“They are disruptors — they do things before other people think of them,” Bartimole said, lauding the family for being “optimists in knowing what they want to do, and realists in knowing what they can do.”
“My grandfather had a couple of ideas and he passed them down to the Derxes. Rule No. 1 is recognize and care for the customer’s needs and do your best to provide them,” Tom Derx said. “When times are tough and money tight, go back to No. 1 and try harder.”
Founded in 1948 by Italian immigrant Libratore Angelo Fratercangelo, Angee’s Restaurant at 475 N. Union St. has always been a family affair. Within a year of opening, Libratore’s son, Nicholas “Little Nicky,” left his job at Clark Brothers to assist his father in managing the enterprise. The pair worked side by side building the business into the early 1960’s when Libratore retired.
Nicholas retired in the mid-1980s, turning the business over to his sons, Angelo and Anthony. Angelo and Anthony ran the restaurant for a few years together until Angelo decided to pursue another career. Since 1988, Anthony has been at the helm of Angee’s.
“If there is a restaurant that epitomizes Olean, it’s Angee’s,” Bartimole said. “I consider Angee’s Olean’s ‘Cheers,’ where you go where everyone knows your name, and you’re always glad you came.”
Anthony Fratercangelo lauded his father and grandfather who started the business.
“They were the real entrepreneurs,” he said. “They were the ones who decided to open a restaurant in a not-so-nice area of town back in those days known as ‘below the tracks,’” he said.
He also thanked the many regulars who make the business possible.
“It’s your customer base that makes your restaurant,” he said.
- PRESIDENTIAL AWARD — YMCA of the Twin Tiers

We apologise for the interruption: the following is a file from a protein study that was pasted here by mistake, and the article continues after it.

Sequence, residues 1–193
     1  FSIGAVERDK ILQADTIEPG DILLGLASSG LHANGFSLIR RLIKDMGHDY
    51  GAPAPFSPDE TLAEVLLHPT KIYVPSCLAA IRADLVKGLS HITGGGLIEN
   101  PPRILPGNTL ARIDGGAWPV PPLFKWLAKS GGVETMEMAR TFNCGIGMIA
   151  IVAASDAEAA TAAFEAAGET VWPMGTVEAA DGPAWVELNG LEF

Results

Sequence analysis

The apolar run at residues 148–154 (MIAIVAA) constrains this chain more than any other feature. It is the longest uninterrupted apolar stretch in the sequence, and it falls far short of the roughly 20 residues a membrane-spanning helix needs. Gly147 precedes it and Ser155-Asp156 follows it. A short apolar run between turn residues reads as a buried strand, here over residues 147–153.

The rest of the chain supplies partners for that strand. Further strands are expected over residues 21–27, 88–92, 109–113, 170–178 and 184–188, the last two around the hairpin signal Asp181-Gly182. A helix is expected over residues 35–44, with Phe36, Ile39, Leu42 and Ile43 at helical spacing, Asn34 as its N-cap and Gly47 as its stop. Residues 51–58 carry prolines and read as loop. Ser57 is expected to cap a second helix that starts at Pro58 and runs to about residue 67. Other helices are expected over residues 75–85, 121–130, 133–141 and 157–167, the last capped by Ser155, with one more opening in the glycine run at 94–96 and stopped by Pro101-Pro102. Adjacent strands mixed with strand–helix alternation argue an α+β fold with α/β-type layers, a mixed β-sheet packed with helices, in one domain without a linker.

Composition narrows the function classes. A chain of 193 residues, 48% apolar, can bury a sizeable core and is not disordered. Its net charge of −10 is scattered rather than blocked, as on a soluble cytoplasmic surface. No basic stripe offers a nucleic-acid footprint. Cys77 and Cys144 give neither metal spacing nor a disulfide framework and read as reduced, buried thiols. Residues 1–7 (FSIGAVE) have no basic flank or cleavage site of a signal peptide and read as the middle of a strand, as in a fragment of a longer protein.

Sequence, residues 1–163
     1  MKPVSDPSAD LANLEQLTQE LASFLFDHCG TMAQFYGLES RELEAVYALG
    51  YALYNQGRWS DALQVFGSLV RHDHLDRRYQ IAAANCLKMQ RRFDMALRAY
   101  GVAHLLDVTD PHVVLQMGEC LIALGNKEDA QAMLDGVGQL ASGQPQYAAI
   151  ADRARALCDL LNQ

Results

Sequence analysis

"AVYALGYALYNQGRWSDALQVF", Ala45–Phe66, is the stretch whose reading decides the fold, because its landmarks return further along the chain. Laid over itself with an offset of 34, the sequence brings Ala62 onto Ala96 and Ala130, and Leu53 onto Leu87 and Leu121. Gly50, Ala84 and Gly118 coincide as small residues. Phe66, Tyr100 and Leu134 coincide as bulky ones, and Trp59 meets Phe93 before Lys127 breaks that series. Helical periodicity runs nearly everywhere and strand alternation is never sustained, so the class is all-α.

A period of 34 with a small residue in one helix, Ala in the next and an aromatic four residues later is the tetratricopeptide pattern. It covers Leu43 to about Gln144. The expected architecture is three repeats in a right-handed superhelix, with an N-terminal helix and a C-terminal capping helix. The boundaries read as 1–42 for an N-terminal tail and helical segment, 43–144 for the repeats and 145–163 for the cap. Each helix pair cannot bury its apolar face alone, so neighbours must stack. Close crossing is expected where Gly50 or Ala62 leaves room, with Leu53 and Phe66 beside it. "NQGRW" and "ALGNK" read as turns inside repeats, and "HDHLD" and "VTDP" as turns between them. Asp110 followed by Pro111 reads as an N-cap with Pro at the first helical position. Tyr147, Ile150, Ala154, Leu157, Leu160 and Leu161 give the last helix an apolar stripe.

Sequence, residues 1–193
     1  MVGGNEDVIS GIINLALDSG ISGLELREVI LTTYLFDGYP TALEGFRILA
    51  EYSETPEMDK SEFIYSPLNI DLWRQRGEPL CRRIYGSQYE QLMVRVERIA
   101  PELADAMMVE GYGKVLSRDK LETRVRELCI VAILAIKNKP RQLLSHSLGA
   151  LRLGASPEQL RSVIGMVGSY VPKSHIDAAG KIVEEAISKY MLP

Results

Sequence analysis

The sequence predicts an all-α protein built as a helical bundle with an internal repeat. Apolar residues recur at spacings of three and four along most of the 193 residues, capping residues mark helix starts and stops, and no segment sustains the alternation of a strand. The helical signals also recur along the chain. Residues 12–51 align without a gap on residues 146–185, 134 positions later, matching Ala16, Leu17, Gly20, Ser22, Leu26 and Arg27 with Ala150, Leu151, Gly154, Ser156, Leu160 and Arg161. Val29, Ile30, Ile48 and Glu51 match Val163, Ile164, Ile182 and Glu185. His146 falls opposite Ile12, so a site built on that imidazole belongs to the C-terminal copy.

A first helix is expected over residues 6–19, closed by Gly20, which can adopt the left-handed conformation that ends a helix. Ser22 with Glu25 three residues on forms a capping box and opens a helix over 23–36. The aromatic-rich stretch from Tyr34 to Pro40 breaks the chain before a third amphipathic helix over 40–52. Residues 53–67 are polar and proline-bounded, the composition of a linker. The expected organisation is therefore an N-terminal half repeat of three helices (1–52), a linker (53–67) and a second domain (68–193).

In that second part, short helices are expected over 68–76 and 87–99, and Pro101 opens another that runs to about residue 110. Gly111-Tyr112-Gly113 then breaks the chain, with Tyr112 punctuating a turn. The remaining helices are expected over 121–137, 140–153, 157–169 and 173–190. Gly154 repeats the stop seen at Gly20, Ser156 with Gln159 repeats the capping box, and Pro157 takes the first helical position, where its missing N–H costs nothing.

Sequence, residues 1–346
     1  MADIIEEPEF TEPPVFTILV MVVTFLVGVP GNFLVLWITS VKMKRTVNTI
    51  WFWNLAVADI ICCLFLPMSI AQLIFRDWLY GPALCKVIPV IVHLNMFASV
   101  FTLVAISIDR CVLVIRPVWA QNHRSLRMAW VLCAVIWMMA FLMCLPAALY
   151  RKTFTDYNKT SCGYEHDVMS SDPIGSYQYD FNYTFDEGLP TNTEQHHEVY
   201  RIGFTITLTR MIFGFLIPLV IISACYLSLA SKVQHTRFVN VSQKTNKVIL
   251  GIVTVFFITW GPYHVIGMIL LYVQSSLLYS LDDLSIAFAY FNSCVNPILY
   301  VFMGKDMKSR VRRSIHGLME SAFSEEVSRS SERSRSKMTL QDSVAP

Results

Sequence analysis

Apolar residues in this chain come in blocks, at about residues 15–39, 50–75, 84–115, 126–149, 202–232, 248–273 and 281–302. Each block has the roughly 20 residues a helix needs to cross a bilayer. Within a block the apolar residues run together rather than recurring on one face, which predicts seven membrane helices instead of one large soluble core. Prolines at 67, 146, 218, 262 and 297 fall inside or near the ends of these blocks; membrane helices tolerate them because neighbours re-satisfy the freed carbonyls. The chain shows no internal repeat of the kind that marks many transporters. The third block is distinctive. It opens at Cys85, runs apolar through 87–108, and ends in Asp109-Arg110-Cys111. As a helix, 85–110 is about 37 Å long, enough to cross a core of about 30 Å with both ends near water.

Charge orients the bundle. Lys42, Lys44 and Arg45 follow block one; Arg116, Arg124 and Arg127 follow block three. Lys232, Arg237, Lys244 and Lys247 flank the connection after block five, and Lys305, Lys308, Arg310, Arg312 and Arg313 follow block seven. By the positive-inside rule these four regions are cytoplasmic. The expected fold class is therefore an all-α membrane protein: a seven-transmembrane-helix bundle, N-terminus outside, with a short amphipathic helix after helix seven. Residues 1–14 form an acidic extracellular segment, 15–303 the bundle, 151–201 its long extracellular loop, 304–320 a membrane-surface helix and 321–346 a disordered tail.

The Y received the second Presidential Award, which was created in 2018 to honor a business, organization or individual that are iconic and integral to the fabric of the business community in the greater Olean area. Recipients are selected by the Chamber’s Board of Directors, and the inaugural recipient was Red’s and Trudy’s.
Olean’s YMCA opened in 1886. In its 133 years, the Y has grown to meet the evolving needs of those it serves, going from a small space for young men to exercise or study the Bible to a communal hub for overall health and well being.
In 2004, the Y relocated to its current home on Wayne Street, a $9 million facility with an Olympic-size swimming pool, three gymnasiums, an indoor track and many other amenities. Three years later, the Y joined together with the Bradford YMCA to form the Olean-Bradford YMCA. Seven years later, the YMCA expanded again and formed the YMCA of the Twin Tiers, adding a site in Wellsville.
Combined, the YMCA of the Twin Tiers serves more than 11,000 members and another 3,000 program participants. In addition, it also provides after school child care within seven school districts, as well as daycare and early childhood learning services.
“There is no more sacred duty in our daily lives … to take care of our bodies,” Bartimole said.
“Community is the keyword — community is key here tonight,” said Y CEO Barb Sweitzer, noting the organization has come a long way from its founding by five men in a small room wanting to find a place for young men working on the railroad to go instead of the taverns.
“Over the years, we’ve had many volunteers who have carried the torch … what we do today is build the community,” she said. “The only way an organization can survive in a community this size is adapting to changing needs … and support from our community.”
(Contact City Editor Bob Clark at email@example.com. Follow him on Twitter, @OTHBob)